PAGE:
With all of the chatter, predictions from experts, and research from renowned institutions around the world all forecasting that robot automation and artificial intelligence in the workplace could erase up to forty percent of the workforce could be erased by disruptive emerging technologies like driverless vehicles, robots, and AI, the obvious question is: What will happen to the millions of people who my be displaced (or whose jobs will be significantly diminished) by emerging technologies and how will they maintain themselves and their families?
It's a serious questions many economists, politicians and other assorted experts are just now starting to grapple with. The problem is that, if these technologies are going to be "ready for prime time" by the year 2025 (as many experts and tech developers forecast they will be), we are frighteningly short on time to figure out the solution to a problem that could cause painful spasms to our society the world over. Are we prepared to pay the immediate price for innovation and disruptive technologies?
The jobs most likely to be replaced by, or significantly impacted by, Robots and Artificial Intelligence (AI) within 10 years include:
- taxi, bus and truck drivers
- financial advisors
- factory workers
- software developers
- healthcare workers
- data analysts
- call center workers
Although the idea of Universal Basic Income has been around for decades, nations around the world (including the United States) are giving Basic Minimum Income a hard look as a potential short-term, partial solution to the potential job loss from disruptive technologies. What would you do if your basic needs were taken care of?
In a recent interview with Wired, Barack Obama, Neural Nets, Self-Driving Cars, and the Future of the World, President Obama offered the following perspective on Universal Basic Income:
"Now, whether a universal income is the right model—is it gonna be accepted by a broad base of people?—that’s a debate that we’ll be having over the next 10 or 20 years. You’re also right that the jobs that are going be displaced by AI are not just low-skill service jobs; they might be high-skill jobs but ones that are repeatable and that computers can do. What is indisputable, though, is that as AI gets further incorporated, and the society potentially gets wealthier, the link between production and distribution, how much you work and how much you make, gets further and further attenuated—the computers are doing a lot of the work. As a consequence, we have to make some tougher decisions. We underpay teachers, despite the fact that it’s a really hard job and a really hard thing for a computer to do well. So for us to reexamine what we value, what we are collectively willing to pay for—whether it’s teachers, nurses, caregivers, moms or dads who stay at home, artists, all the things that are incredibly valuable to us right now but don’t rank high on the pay totem pole—that’s a conversation we need to begin to have." -- President Obama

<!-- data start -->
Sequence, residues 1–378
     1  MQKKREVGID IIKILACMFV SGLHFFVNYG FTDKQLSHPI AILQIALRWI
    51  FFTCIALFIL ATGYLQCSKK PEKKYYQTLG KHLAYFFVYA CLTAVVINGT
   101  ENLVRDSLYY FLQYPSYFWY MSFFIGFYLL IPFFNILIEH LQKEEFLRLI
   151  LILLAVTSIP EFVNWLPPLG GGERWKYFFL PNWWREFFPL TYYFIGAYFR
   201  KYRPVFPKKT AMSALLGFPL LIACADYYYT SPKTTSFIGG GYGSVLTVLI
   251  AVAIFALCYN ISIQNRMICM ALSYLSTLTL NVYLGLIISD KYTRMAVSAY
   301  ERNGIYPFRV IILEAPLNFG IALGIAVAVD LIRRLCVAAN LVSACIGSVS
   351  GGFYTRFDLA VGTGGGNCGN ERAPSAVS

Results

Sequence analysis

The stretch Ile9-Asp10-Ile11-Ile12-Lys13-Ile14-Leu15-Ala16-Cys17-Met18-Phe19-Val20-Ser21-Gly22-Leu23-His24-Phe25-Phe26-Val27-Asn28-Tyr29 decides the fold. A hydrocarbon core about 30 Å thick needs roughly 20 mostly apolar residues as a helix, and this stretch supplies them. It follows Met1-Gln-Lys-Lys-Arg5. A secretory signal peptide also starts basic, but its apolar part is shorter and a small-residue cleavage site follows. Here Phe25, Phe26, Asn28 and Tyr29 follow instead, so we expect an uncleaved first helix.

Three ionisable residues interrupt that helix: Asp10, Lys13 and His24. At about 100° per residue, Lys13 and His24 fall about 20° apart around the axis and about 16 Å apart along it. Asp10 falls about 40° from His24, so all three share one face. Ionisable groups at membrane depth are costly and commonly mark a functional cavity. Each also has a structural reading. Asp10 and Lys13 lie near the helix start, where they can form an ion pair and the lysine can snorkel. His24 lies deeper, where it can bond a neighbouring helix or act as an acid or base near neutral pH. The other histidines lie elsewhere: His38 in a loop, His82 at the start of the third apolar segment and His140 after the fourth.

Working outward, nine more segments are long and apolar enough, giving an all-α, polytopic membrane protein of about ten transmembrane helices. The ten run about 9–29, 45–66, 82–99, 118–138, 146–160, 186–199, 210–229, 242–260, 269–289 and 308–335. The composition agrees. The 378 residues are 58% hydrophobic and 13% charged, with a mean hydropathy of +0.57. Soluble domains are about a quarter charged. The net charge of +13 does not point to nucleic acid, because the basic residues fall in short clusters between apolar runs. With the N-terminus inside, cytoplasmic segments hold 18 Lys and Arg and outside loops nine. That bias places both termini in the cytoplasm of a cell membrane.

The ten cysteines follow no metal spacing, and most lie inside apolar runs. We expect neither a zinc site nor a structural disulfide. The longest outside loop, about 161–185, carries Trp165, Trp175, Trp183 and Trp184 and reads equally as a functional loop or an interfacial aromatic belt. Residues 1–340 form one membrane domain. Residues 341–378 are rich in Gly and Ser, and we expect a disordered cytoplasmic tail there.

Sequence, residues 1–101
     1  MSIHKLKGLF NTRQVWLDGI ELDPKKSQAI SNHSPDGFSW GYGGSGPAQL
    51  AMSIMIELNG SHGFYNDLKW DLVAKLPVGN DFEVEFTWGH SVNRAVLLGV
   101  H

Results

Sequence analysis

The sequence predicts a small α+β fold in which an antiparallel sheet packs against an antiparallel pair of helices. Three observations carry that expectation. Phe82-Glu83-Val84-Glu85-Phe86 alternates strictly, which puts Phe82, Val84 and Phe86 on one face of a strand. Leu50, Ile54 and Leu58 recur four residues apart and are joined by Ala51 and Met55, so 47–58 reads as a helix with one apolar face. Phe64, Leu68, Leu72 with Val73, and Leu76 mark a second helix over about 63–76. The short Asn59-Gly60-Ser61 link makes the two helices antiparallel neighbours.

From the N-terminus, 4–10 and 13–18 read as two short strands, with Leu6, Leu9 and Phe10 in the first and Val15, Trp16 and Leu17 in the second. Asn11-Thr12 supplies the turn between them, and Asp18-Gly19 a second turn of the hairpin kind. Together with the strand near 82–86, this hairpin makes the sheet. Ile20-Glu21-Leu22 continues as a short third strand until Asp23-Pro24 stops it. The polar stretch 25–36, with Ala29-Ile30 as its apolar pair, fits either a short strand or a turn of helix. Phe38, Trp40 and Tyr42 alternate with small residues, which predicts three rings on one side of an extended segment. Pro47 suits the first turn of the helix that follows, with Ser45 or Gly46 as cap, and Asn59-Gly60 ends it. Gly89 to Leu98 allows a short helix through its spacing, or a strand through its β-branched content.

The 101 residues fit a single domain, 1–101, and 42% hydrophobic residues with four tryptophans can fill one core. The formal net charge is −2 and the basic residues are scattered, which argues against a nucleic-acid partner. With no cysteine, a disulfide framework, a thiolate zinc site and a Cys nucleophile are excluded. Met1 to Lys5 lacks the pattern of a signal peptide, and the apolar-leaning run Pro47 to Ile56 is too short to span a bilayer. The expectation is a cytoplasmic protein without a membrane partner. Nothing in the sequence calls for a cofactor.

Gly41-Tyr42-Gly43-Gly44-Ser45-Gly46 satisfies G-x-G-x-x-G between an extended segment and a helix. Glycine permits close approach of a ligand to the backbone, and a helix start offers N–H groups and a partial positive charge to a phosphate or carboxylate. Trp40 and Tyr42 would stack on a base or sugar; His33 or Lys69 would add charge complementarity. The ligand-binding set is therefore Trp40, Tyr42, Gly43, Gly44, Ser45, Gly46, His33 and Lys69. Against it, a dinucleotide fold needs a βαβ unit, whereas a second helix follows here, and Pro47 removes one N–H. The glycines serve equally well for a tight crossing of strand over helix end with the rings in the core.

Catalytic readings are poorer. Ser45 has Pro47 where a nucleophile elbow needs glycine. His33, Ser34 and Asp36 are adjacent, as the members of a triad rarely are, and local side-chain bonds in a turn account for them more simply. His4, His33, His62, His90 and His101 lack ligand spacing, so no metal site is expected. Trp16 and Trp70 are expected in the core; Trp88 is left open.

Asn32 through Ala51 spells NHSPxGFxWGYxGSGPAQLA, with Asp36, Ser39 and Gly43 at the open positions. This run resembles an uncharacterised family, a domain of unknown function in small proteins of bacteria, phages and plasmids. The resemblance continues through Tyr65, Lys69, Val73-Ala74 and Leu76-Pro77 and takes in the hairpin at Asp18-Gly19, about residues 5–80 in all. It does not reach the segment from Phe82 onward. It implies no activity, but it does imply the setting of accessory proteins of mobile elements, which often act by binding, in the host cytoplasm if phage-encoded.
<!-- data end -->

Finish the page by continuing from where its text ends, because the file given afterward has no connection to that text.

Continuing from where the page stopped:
We will cover:
- The history of Universal Basic Income and how it has evolved over the last several decades to its modern model.
- The Universal Basic Income ecosystem today. Who are the major players? Who are the loudest critics of Universal Basic Income and why?
- Which technologies cause the most immediate and long-lasting threat to the job market?
- How are the government and tech companies (the developers of the disruptive technologies) working together (or not, as the case may be) to educate the general public on the potential need for alternative sources of income, and what types of legislation are on the table to address this?
- How will Universal Basic Income change and restructure our social and economic order for the better and/or worse?
- What does this model mean for business owners, entrepreneurs and investors?
- If people rely on Universal Basic Income for their basic needs, what will they do to fulfill (or redefine) their purpose in society? What will bring them meaning?
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